Our recent social customer service webinar spurred some great discussions about how to create a better customer experience through online community. We were fortunate to have two social media and community experts, Jeff Sullivan from Dell and Kim Celestre from Forrester Research, Inc., join forces for an engaging conversation. They touched on topics ranging from proven methods for planning and implementing an online community to tips for ongoing community management. Big thanks to Jeff for demonstrating the Dell TechCenter community and sharing its impact on how Dell delivers customer service to enterprise IT customers.
Here are just some of the highlights:
Does requiring a user name and password create a roadblock to community adoption? At what point would you require someone to register and give out a name/email address? For reading? For posting?
Jeff: Barriers to engagement – you have to knock those down. I won’t say that we are perfect in that space by any stretch. But we do try hard to make sure that customers can get in [to Dell TechCenter]. So, we do keep all TechCenter content open, except for the occasional betas or our rockstars (which is our customer advocate program). Those do require log-ins. And when you want to contribute to a forum, we do have a log-in process, but we try to make it really easy for those who may have forgotten their passwords to be able to reset it. So, that’s one of the ways that we manage it, by keeping most of the content open. And then, if passwords are needed, it’s a very simple process to reset so that they can get in there and converse.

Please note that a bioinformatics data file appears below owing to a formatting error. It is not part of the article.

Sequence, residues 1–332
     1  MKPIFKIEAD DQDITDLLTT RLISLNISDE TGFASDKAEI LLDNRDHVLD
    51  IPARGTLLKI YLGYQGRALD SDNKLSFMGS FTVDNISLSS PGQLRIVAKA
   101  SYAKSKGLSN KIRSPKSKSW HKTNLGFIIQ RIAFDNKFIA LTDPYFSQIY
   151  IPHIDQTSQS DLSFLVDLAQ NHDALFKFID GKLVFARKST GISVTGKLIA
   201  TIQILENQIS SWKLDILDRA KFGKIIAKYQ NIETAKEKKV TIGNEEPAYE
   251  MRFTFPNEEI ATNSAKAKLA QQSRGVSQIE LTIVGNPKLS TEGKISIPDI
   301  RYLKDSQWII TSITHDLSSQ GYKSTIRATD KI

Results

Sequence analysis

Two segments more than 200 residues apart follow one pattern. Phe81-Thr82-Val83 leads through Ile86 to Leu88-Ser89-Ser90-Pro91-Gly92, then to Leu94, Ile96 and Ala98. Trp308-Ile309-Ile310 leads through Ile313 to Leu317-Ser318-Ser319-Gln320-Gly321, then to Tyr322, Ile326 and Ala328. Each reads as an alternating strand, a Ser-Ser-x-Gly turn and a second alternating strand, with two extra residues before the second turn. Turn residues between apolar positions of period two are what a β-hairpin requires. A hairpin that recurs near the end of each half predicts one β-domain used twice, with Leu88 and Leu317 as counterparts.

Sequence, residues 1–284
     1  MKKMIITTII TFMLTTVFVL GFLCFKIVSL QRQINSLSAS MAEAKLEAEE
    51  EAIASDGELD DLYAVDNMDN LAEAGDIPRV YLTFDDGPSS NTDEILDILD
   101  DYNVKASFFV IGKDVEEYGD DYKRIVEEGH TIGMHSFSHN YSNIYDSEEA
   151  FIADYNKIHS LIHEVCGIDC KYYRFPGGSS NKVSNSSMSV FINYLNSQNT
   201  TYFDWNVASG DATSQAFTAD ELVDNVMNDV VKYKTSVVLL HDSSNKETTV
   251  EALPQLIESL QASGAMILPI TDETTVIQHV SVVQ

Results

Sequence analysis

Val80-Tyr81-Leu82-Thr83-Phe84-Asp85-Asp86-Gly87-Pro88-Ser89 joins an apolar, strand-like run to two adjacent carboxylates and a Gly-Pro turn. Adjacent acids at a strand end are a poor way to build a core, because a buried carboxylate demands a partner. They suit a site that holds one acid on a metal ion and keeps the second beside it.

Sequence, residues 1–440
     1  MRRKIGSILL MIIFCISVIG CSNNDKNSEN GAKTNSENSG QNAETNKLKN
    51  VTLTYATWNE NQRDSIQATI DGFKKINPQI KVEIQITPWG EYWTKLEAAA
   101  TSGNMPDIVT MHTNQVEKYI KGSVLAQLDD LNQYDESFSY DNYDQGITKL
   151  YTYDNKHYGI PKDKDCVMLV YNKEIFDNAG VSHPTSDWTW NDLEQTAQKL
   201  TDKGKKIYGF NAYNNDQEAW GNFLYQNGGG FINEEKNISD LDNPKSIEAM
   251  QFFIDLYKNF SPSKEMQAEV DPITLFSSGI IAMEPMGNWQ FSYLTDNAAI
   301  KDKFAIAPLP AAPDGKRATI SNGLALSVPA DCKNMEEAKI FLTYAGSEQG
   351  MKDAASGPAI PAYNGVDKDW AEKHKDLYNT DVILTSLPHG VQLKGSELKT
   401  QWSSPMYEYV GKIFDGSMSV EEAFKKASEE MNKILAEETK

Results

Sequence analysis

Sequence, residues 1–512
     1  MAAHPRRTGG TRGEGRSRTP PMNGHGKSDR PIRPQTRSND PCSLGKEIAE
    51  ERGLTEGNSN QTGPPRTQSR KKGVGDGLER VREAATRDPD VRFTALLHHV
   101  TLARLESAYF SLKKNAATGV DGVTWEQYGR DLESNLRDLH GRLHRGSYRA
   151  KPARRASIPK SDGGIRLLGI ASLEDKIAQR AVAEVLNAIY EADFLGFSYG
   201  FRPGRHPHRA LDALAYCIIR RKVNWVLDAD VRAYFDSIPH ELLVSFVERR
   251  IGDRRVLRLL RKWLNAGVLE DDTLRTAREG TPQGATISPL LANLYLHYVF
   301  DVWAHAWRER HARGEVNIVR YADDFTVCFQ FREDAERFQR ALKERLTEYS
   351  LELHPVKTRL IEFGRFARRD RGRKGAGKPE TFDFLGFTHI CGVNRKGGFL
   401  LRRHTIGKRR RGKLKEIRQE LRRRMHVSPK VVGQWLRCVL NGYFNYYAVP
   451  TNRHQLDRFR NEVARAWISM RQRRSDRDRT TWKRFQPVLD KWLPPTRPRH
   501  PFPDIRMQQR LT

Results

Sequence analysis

Kim: I think Jeff makes a great point, really to make it easier for community members to get access to content, without having to register definitely will help with that. I have seen some examples of communities, and probably moreso for sponsor communities where they use social sign-on. And I know some individuals shudder when you talk about social sign-on, but actually, personally, I have learned to embrace it. And in that case, you’re basically just using the same log-in as your social networks. I have not seen that adopted as quickly when it comes down to owner communities. Typically, with owner communities, you do have to set your specific user name, specific password, etc. But I do think social sign-on is a way to make it easier – to have a single sign-on using the social networks. But it comes with its pros and cons when it comes down to owner communities.
Do you have any advice on how to support multilingual communities and how you would address globalization?
Kim: When we work with larger companies that have a global presence and massive, large reaching communities, that’s where it really gets down to the regions managing that community. I’ve seen some communities where you can have the community shown in different languages. Again, that has its pros and cons from a translation standpoint. But for the most part, for language and support, the use cases I’ve seen have been more around having different branches of the community managed in the regions themselves. The content is being produced in the language, so you’re not going to have those translation issues, etc. So it’s a challenge, I would say, but I’ve seen some larger enterprise companies that do have massive global reach. And what they do is have different aspects of the community managed within the region to get around those challenges.
Jeff: For Dell TechCenter, we have communities in Japan, China and Germany. These are staffed by community managers that live in the region. There is a combination of locally generated content and translated content from the global English site.
Moderation How do you monitor communities? Should you just ‘let customers go’, or do you have a team looking at the postings?
Jeff: The TechCenter team is responsible for watching the community. Depending on the questions, we’ll determine the engagement. For example, if it’s a ‘what has been your experience in this situation’ type question, we’ll try to let the community respond. If it’s very product or solution specific, we’ll jump in more quickly. TechCenter focuses on best practice discussions and isn’t a break-fix community, therefore there isn’t a stated SLA or turnaround time; however we do our best to respond quickly and thoroughly.
To find out more, watch the archived version of the webinar.
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